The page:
He also called for the bill to include a version of the so-called public option with an clause that would allow states to decide by 2014 not to participate in the government plan.
"The best way to move forward is a public option with the opt-out provision for states," Reid told reporters, adding that he "clearly" believes that such a bill would have "the support of my caucus."
Other public-option approaches on the table include an "opt-in" provision for states that many Democratic moderates prefer; and a "trigger" that would create a government plan if private insurers do not offer policies at affordable prices.
The latter has been promoted by Sen. Olympia J. Snowe (Maine), the lone Republican to vote thus far for health-care reform in the Senate, and the White House has been anxious to enlist Republican support for the health package.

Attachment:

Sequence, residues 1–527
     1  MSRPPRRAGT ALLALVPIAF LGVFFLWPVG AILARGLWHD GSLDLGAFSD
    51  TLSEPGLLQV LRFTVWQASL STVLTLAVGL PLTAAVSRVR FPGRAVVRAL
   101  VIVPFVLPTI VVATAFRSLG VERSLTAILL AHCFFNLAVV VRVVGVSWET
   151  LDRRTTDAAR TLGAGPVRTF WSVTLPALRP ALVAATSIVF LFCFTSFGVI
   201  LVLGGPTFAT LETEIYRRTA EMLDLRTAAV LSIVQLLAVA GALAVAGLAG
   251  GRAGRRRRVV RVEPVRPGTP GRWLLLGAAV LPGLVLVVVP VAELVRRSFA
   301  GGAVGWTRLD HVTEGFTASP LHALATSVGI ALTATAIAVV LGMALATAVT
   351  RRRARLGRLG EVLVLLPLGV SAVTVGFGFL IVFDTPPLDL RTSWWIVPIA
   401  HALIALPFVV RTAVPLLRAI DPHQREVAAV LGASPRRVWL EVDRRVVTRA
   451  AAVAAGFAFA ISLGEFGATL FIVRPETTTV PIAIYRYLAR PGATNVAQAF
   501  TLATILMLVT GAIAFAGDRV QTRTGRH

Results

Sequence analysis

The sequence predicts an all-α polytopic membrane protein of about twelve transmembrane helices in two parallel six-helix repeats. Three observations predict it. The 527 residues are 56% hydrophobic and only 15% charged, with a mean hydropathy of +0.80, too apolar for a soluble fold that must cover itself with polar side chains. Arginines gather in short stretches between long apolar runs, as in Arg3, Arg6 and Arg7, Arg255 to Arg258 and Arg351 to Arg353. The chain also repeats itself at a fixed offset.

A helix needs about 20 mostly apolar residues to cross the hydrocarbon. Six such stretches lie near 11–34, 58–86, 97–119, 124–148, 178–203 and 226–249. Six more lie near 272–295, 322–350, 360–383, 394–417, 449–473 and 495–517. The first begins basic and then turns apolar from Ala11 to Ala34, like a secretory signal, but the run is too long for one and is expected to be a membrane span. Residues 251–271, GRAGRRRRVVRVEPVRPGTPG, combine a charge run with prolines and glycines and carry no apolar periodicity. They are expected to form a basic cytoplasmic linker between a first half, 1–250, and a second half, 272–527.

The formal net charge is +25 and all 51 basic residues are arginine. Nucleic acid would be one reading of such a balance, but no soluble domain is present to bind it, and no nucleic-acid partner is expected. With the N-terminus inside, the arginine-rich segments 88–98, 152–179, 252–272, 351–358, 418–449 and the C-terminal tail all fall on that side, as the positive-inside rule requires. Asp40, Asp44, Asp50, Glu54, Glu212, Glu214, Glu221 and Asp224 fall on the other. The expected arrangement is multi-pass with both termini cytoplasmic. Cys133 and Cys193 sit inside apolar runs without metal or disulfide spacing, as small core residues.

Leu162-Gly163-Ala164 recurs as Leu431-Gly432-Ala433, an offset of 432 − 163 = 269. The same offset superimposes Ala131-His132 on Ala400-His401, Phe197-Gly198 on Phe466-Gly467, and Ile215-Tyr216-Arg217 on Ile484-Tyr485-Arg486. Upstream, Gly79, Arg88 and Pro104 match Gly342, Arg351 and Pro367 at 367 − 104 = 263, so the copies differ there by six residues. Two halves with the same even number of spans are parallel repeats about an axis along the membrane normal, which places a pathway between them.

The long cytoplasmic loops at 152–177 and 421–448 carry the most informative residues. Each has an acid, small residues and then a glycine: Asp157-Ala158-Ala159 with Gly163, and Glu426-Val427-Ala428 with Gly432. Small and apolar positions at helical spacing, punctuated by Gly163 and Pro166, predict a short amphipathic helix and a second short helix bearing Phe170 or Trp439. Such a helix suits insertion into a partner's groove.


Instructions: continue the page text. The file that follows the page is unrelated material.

But Reid indicated Monday that he would not be swayed by her opinion.
"I spoke to Olympia on Friday. I've talked to her on a number of occasions. And at this stage she does not like a public option of any kind," he said. "And so we'll have to move forward on this."
Reid later returned to the question of Snowe's vote, and those of Republicans.
"I'm always looking for Republicans. ... It's just a little hard to find them, and we've had to do a lot of this on our own," he said.
A little later, he added, "You know, one of the things that's been so astounding to me is, when I came here to the Senate, we had a lot of moderate Republicans who worked with us on everything, and we worked with them. ... But this modern Senate Republican [caucus] -- who, in my opinion, don't represent the thought process of Republicans throughout the country -- haven't been willing to help us on anything. So we hope that Olympia will come back. "